Several months ago, I read Brent Dyke’s Forbes article about data storytelling, and the big takeaway for me was this: People don’t remember numbers. What they do remember are stories. As someone who has spent over a decade working with data, this piece reminded me about the importance of helping stakeholders connect with data so that they can understand, remember and use it. Connecting to the data themselves happens via the logical, left side of the brain. To reach a broader audience, the emotional, right side of the brain needs to engage. That’s where the story comes in. If we can’t get stakeholders to feel something about the numbers we share, our impact will be minimal.
In implementation science, there is an emphasis on data use for decision-making. So much of good implementation practice is making iterative improvements to a program or strategy. To make these, we need good data. But beyond that, we need to tell a story with the data. The story not only gives us context for the data, but some framing for how we might go about making improvements. And since we’re sharing data with a broad group of stakeholders, we need everyone, from the implementation team to the practitioner to the family receiving services, to be able to make sense of it.
Dykes framed data storytelling as a combination of three key components: the data, the visuals, and the narrative. If the data are to tell a story that is memorable, then the visuals and the narrative need to work together with the data to tell that story. The element that most often seems out of sync in my experience are the visuals. I’ve seen many an impenetrable graph in my time. These types of visualizations ultimately confuse readers rather than provide clarity.
Hopefully you’re nodding your head. The trick is, of course, how to tell a story, and by extension, how to make data meaningful and accessible. For me, data visualization is the bridge between the complex and impenetrable and the accessible and meaningful. Stephanie Evergreen and Ann Emery are two of my heroes in the world of data visualization. They have published best practice guidelines that are straightforward and 100% doable. I know, because I too, was once guilty of creating pie charts with 18 slices, and with their guidance, managed to reform.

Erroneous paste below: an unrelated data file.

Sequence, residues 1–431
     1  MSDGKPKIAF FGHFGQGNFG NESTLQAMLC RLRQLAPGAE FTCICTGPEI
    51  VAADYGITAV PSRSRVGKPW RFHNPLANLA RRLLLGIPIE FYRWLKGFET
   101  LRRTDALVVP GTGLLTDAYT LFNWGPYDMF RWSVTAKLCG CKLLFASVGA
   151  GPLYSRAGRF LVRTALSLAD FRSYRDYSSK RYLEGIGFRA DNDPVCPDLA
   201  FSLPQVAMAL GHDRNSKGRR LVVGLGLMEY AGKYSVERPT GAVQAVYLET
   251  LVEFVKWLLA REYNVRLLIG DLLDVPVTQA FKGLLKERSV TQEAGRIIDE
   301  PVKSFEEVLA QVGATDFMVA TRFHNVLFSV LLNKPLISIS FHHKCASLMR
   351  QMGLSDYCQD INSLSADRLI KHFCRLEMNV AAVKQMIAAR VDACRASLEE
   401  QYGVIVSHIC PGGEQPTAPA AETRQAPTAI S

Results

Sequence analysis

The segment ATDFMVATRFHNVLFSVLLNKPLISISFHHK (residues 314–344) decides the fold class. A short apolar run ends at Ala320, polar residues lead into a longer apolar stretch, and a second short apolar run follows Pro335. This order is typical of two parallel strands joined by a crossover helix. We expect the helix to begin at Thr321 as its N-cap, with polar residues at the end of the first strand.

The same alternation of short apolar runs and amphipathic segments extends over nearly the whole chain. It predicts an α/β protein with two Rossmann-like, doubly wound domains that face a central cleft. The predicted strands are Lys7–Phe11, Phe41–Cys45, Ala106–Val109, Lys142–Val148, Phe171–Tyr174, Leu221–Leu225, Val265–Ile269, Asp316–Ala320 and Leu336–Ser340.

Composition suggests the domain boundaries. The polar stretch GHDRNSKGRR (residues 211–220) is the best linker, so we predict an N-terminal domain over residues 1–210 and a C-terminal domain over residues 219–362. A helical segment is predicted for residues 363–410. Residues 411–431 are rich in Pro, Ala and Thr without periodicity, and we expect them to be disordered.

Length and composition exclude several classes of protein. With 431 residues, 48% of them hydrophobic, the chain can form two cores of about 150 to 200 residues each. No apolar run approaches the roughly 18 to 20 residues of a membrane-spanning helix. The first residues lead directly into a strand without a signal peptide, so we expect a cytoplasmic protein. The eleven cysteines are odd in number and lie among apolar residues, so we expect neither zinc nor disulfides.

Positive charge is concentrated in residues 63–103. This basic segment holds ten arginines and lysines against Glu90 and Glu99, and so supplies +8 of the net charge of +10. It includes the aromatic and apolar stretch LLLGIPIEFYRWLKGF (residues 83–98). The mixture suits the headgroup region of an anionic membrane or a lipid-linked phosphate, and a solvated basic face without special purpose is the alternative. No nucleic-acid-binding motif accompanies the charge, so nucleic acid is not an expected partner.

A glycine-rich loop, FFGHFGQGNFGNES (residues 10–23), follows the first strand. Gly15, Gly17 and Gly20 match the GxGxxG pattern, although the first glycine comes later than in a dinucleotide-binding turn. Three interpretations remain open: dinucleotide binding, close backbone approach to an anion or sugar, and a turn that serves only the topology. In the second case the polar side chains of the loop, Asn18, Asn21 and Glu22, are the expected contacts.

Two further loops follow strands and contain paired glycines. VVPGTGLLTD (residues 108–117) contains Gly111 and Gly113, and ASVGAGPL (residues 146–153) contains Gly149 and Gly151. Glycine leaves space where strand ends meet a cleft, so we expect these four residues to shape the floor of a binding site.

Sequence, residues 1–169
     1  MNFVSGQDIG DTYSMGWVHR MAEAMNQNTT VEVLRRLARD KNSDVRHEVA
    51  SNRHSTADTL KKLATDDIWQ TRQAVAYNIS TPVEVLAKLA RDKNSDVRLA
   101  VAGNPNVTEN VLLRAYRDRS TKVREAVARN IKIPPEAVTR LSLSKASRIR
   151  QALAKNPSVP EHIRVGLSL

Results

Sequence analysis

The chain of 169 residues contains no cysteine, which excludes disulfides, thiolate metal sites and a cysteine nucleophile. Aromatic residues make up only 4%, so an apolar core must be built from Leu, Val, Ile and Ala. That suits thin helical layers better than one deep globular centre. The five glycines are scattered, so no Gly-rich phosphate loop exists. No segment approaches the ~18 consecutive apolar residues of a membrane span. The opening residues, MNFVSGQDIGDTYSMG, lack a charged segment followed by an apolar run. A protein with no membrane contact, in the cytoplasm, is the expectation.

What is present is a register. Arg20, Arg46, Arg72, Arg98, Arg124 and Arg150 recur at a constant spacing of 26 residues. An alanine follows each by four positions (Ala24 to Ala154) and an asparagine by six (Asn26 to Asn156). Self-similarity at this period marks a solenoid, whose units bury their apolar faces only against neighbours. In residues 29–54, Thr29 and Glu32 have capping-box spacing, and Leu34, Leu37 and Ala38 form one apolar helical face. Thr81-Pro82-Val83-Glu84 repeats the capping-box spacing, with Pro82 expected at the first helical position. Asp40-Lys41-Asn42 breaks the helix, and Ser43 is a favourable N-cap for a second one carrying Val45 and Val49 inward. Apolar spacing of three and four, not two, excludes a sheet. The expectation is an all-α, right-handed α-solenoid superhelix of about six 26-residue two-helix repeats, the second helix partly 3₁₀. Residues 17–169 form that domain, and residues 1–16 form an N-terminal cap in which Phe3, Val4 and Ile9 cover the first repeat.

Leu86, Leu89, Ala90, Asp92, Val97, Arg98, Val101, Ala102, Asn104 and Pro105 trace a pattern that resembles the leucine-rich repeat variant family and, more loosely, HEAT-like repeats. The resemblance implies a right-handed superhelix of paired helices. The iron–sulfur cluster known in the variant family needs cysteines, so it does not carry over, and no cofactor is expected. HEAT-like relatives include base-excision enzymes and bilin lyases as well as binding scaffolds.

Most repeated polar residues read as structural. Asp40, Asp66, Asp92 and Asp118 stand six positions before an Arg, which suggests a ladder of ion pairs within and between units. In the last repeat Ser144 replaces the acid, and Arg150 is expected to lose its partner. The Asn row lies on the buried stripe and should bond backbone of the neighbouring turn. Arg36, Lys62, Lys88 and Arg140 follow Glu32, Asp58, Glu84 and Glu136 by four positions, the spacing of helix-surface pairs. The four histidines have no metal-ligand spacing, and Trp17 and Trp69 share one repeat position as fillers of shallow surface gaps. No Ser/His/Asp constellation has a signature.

Step 1: Talk to your stakeholders before you do any technical work. If you’re packaging data to share with someone else, you need to find out what they’re interested in and what’s keeping them up at night. Remember, you want folks to use these data to inform their implementation! If you don’t have a good sense of what their practice is and what their strengths and challenges are, you might find yourself barking up the wrong the tree. And by engaging stakeholders on the front end, you’re building buy-in, which is helpful under any circumstances, but even more so when the data tell us something we may not want to hear.
Step 2: Keep it simple. As for the technical, my guidance is this: Less is more. Think about what your stakeholders need from you, and the story the data are telling. What do your partners want to know more about? What do you want your readers to take away from the data? If the data are to be actionable, we want folks to see the story and then think about what the next chapter might be. So, keep it simple and minimize any noise.
And forget everything you learned about presenting data for academic audiences. Use descriptive titles and highlight the main points. Use color to emphasize key takeaways and draw the reader’s eye. I highly recommend taking a recent graph or table you’ve made and then walking through Ann and Stephanie’s data viz checklist and see if you can clean things up a bit. It may be somewhat humbling but think of it as using data to drive improvement.
To give you a sense of what a data viz makeover might look like, I’ll share one of mine. Several years ago, I was doing evaluation work for a series of grantees across North Carolina. The annual data reports I was giving them were far from helpful. Grantees couldn’t understand how their programs were going or make decisions about how to improve.
After talking with the sites to get a better sense of how I could help them get what they needed from the data, I decided it was time for a reboot. The graph on the left is your classic Excel bar chart, which I was using to share pre- and post-test outcomes for a group of adolescents. What my grantees were ultimately interested in here was the difference: how did teens do at post-test compared with how they did at pre-test? But instead of focusing on that, I was essentially giving them two inches of bar chart that they had no interest in.
I decided to rework this chart into a series of dumbbell plots that show the pre-test score in the open circle, and the post-test score in the closed circle. The dumbbell plots are all oriented on the same axis, so my grantees could easily see where they made the biggest gains over time.
The result was a success! My grantees got a story instead of a mess. And the story clearly showed them where they had the biggest successes and room for growth. Or, to look at it another way, what they should replicate and where they might need to improve their practice. I don’t know that I’d say the finished product is perfect, but I’m reminded of this quote by Antoine de St. Exupéry: “Perfection is achieved, not when there is nothing more to add, but when there is nothing left to take away.”